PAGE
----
I’m sure that many of us at some point have stood outside in the late evening of a winter snowfall and marvelled at the sound of silence. All the noises of the outside world are muffled.
There are varying degrees of silence—the hushed silence of the library, the silence surrounding a northern lake, and the prayerful silence of a church. Then there is absolute silence—the kind that we might experience at the audiologist’s. It’s certainly not a painful experience, but not a fun one either! Sitting in a soundproof room wearing headphones and straining to hear the first faint sound that is part of the hearing test. We listen so intently, uncertain of what that sound would be, or try so hard to hear the sound that we might miss the enjoyment of that silence. We concentrate on trying to break that silence and fill it in as quickly as possible.
Julian of Norwich, in her account of a remarkable series of visions called “Showings”, talks of putting God on like a garment. It is an appealing picture of comfort and safety. It’s like a baggy sweater or old, soft bathrobe. Who wouldn’t want to be wrapped in God, held securely and safely? It comes with a degree of silence and quiet.
But, in our recreational use of noise—fireworks, a marching band, children playing, or cheers at the hockey rink, we wrap this noise around us like a blanket—we surround ourselves with sound. We are insulating ourselves.
Sometimes we can be victims of sound, with elevator music, music in the malls, or the constant chatter of colleagues. Even when we seek a quiet place away from all this noise, we are still surrounded by sound. Nature is noisy, so we do not gain complete silence.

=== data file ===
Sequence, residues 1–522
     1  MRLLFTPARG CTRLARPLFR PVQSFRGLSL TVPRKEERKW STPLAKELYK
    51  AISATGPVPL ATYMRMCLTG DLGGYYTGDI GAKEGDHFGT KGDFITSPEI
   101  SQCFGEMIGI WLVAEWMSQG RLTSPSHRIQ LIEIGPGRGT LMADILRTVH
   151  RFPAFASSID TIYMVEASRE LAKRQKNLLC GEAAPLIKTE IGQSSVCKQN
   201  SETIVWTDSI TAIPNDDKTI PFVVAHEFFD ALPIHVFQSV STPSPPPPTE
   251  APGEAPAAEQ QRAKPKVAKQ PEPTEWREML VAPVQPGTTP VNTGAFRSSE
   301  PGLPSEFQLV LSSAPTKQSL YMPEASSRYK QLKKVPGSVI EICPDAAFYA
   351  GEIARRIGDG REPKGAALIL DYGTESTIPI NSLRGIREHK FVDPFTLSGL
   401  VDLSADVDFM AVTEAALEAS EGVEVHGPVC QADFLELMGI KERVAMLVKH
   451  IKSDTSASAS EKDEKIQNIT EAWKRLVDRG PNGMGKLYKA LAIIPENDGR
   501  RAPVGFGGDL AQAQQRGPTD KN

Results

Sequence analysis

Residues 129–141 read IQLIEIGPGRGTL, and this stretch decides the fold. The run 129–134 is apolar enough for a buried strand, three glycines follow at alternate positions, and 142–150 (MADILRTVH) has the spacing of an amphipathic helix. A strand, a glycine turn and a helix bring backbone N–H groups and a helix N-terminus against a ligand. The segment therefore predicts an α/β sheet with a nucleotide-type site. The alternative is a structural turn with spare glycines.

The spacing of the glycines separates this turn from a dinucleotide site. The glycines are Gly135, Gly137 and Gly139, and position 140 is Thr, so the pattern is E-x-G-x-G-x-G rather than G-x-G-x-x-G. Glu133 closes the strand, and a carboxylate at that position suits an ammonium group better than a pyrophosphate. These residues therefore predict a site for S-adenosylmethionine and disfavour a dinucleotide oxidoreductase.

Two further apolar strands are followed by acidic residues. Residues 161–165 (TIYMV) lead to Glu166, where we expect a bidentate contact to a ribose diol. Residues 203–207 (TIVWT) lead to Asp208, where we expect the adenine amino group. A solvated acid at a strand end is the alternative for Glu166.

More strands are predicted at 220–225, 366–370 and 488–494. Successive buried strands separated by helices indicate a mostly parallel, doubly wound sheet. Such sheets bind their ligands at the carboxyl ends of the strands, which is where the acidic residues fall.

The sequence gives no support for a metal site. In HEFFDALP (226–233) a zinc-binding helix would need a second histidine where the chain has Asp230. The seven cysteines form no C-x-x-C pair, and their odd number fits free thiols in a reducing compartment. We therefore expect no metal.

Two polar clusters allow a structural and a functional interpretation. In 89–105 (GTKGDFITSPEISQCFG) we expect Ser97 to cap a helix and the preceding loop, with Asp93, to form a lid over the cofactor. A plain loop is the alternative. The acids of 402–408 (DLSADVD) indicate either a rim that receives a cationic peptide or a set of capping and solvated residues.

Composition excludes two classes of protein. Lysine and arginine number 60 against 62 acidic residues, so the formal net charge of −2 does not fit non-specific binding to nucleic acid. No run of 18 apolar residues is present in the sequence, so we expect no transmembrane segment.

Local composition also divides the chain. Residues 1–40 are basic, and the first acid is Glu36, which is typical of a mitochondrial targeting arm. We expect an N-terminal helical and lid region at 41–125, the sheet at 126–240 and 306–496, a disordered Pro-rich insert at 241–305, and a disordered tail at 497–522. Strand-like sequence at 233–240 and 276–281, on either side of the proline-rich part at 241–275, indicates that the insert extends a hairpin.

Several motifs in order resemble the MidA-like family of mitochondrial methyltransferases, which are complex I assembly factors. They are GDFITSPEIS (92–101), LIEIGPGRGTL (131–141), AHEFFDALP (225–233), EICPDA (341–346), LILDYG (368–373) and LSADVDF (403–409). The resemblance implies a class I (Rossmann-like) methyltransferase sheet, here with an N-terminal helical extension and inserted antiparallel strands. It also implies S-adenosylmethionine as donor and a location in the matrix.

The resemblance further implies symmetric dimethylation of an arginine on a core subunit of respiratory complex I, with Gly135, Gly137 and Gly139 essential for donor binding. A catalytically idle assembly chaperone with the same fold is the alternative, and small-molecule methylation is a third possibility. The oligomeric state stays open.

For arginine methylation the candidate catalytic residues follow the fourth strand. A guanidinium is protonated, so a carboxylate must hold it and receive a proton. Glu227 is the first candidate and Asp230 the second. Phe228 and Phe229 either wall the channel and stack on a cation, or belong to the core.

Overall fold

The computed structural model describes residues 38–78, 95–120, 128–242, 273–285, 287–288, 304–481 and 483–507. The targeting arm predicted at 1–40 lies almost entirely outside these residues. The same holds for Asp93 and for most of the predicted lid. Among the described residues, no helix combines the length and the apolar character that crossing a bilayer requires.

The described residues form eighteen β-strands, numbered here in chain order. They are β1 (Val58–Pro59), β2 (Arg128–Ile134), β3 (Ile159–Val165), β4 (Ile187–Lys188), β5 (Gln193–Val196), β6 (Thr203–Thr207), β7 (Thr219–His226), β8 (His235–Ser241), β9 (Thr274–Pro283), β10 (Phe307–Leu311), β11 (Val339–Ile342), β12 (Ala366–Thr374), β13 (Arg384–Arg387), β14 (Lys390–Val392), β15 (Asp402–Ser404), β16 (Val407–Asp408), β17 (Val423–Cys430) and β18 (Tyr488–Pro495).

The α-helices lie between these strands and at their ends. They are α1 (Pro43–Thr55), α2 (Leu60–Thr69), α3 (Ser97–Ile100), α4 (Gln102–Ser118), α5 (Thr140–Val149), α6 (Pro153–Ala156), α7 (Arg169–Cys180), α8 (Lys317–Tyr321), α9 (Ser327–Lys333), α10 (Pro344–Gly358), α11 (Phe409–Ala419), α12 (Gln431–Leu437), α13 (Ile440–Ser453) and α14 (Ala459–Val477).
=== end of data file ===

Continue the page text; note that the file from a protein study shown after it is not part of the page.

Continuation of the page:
We often choose noise over silence. Too much quiet makes us uneasy and leaves us open and undefended. I once read that silence falls naturally over a social gathering every seven minutes. Every host knows this when an animated dinner party conversation comes to an abrupt halt and he or she feels the need to fill the silence. Good friends experience this silence too, but it is markedly different. They are content to sit in “companionable” silence and savour it.
Perhaps being with God is not so different from being with our best friend. In Psalm 62, the psalmist urges silence. There is no need for nervous chatter, for this is no ordinary silence: “For God alone I wait silently; my deliverance comes from him.” (Psalm 62:1)
So the silence of God is not the audiologist’s booth. It is living, active and filled with the Holy Spirit. The silence of God demands our surrender—stop talking and listen. When we let ourselves wait upon God in God’s silence we become receptive and open. The God upon whom we wait in silence is the God to whom all hearts are open, all desires known, and from whom no secrets are hid. We need to pay attention. Let us take the time to wait for God in silence and let Him wrap His arms around us. Let us listen to the sounds of silence.